Arachnae's Metaphysics










Smudging - what it is and how to do it




One of native America's most 'cross-over' traditions is that of smudging. Many people who are completely uninterested in other aspects of Native American culture routinely smudge their environment to clear the air and keep the creepy feelings away.

What is Smudging?

Simply put, smudging is purifying an area or object by the use of ritual smoke. The smoke of purifying herbs is thought to carry away bad influences and spirits and make the space hospitible to helpful and positive spirits.

Picture the altar boy swinging the censer as he walks down the aisle of the cathedral and the billowing clouds of smoke that pour forth. Smudging is in this tradition.

What are the smudging herbs?

While more familiar applications of smoke involve resinous incenses, smudging uses the herb in its plant form, usually tied into compact bundles with twine and dried to make 'smudge sticks'. These sticks can be small, 3-4 inches long, or larger, 7-9 inches long.

Sage - various of the types of sage are the most commonly employed smudging herb. Sage is thought to drive out evil and negativity, and purify ritual instruments.

Sweetgrass - sweetgrass is a tall aromatic plains grass which has a pleasant, sweet vanilla odor. It is harvested and braided into yard-long braids that look somewhat like whips. Sweetgrass has such a pleasant scent when burned that it is credited with attracting and encouraging positive spirits to join your ritual or simply bless your endeavors.

Cedar is a 'dual-action' smudging herb - it both repels negative influences and attracts positive ones, and is thus an all-around 'smudge-all'. Most common to the Pacific Northwest, smudging with cedar is also known as 'cedaring'.

Other herbs sometimes used in smudging include lavender and copal, a plant resin with a rich sweet scent often used in incense.

How to Smudge

Light the smudge stick over a candle flame. A match may go out before the stick is well a-light. Let it flame for a few moments and then blow it out, if it hasn't gone out of its own accord. The stick will continue to smolder, releases billows of fragrant smoke.

To smudge an area - gently move the stick throughout the space to be purified. A feather fan can be used to direct the smoke into all the corners. Carry a dish or saucer with you to hold underneath the stick as you smudge - it will shed ashes, some of which may still be hot and can scorch your furniture or carpets. Some people use an abalone shell for this purpose.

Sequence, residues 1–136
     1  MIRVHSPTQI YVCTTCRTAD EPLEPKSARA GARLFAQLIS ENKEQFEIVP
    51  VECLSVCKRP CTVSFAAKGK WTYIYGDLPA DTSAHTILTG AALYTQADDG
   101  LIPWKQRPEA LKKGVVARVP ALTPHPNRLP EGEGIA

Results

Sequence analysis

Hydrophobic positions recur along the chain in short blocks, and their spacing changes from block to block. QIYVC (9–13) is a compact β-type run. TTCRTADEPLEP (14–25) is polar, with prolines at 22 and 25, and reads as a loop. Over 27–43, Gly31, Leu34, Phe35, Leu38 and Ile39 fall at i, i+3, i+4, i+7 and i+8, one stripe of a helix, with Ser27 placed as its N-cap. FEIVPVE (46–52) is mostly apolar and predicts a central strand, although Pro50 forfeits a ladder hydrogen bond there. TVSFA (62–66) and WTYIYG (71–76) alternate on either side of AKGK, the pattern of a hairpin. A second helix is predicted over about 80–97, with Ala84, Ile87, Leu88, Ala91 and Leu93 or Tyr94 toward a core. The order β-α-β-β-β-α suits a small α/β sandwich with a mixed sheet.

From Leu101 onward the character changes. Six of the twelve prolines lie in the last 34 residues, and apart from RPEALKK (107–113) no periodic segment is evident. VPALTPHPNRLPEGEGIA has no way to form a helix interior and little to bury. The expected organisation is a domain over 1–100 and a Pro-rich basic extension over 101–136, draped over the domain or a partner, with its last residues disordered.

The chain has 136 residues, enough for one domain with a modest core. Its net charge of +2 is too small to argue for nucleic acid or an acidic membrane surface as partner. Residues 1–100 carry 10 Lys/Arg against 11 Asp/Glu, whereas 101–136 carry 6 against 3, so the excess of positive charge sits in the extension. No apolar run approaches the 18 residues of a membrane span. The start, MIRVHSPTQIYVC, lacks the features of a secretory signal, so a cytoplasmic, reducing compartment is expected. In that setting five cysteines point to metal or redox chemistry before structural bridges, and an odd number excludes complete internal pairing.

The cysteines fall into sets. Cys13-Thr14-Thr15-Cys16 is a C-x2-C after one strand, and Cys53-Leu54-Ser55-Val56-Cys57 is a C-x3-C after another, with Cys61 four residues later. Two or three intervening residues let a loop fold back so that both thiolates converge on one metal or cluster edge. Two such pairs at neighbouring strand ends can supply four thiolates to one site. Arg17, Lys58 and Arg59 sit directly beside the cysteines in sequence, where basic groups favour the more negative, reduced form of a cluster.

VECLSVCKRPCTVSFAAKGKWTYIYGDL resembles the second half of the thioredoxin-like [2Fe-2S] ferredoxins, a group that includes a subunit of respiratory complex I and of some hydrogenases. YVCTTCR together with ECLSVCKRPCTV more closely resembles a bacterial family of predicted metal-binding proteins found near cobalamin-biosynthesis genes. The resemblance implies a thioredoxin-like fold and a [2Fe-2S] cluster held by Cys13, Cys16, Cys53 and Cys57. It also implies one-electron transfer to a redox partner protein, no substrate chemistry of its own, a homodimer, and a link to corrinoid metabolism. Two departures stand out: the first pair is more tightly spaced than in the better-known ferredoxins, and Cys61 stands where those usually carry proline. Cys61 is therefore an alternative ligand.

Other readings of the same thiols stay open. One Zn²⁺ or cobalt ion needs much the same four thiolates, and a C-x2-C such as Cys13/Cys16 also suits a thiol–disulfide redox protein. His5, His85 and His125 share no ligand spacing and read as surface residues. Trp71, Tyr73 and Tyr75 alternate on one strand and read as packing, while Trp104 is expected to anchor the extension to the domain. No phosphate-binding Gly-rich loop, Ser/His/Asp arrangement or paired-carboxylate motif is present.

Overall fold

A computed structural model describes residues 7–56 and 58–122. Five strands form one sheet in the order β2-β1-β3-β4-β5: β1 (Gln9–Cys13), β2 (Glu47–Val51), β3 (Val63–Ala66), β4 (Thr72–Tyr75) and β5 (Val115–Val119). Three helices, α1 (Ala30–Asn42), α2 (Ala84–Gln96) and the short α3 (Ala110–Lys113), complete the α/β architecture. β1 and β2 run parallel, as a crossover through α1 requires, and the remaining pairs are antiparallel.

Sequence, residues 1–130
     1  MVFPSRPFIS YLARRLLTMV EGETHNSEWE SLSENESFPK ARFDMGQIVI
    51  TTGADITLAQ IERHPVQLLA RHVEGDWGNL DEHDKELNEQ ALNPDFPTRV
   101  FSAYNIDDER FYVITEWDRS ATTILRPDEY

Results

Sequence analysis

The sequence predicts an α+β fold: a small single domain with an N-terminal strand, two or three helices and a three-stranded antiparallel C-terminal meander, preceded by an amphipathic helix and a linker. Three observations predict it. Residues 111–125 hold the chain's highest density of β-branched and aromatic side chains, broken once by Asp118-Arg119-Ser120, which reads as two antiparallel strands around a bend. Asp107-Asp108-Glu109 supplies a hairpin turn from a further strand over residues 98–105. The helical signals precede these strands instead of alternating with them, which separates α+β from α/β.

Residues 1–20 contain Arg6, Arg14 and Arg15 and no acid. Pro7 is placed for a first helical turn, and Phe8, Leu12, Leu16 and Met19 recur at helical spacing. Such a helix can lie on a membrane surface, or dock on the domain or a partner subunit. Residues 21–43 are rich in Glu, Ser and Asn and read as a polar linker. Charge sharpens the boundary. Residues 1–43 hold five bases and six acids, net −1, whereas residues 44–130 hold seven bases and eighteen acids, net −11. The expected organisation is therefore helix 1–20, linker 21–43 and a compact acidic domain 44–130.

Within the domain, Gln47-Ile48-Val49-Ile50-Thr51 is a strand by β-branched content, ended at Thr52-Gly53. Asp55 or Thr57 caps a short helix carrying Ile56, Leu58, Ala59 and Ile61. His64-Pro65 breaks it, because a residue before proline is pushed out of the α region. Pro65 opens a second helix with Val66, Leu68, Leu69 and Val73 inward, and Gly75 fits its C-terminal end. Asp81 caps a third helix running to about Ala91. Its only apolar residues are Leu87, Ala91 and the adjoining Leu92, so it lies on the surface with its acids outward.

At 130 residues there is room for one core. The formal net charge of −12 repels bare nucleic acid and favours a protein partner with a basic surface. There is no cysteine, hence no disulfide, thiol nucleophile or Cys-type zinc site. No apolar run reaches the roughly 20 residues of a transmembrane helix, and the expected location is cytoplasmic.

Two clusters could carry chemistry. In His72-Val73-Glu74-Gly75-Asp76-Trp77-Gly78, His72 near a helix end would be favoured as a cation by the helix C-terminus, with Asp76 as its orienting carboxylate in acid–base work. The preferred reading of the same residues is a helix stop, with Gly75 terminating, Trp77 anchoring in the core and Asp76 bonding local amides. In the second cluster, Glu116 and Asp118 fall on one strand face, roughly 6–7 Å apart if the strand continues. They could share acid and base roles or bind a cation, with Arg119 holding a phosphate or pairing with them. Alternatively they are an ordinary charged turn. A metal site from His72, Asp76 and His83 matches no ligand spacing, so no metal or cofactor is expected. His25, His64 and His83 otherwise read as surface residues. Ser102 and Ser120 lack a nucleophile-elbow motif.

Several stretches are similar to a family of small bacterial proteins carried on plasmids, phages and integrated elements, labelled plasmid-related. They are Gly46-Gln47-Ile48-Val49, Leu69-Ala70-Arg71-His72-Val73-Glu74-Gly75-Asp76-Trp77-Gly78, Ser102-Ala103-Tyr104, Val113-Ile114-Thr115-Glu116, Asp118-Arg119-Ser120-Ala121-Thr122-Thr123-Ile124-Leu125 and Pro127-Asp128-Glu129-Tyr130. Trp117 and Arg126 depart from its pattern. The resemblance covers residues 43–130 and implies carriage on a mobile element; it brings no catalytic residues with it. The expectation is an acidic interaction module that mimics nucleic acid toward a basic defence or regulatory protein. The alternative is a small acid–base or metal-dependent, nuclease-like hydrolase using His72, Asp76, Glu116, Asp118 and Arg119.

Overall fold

To smudge an object - ritual objects, or objects that you just may feel the need to purify for some reason (ex-husband's favorite tools?), can be purified by holding them inside the smoke rising from the smudge stick. Set the stick upright in a can of sand if you need to leave your hands free to move the object. Pass the item through the smoke several times until it 'feels' cleansed. You can tell.

To smudge a person - some groups that meet for spiritual purposes smudge each other before they commence. One person holds the smudge stick and fans the smoke towards the person to be smudged; the 'smudgee' can either slowly rotate to get fully smudged, or the smudger can walk around them. Then the smudger hands off the stick and fan to another so they too can be smudged in turn. In some circles, this can be a riotous beginning to the group's meeting; in others, a solemn ceremony.

Ending the Smudging

One smudge stick can burn for quite some time, so you can use it for multiple occasions. When you are finished smudging for the day, insert the smudge stick, smoldering side down, into a can or bowl of sand and leave it to go out naturally. Dousing the stick with water isn't advisable - this can make the stick hard to light the next time, and may even cause it to mold or rot if it doesn't dry out quickly.
Why smudge?

Sometimes you buy something at a thrift or an auction that just feels 'funny'. Or there's some undefinable tension in your home of no known cause. Smudging is a good way to chase away those indefinable 'bad vibes' that may be setting your nerves on edge.

Smudging is also excellent for inducing a spiritual state of mind. Before meditating, or embarking on a spirit journey, or doing some ritual drumming, smudging can make sacred the space in which you are working, and focus your mind on your purpose.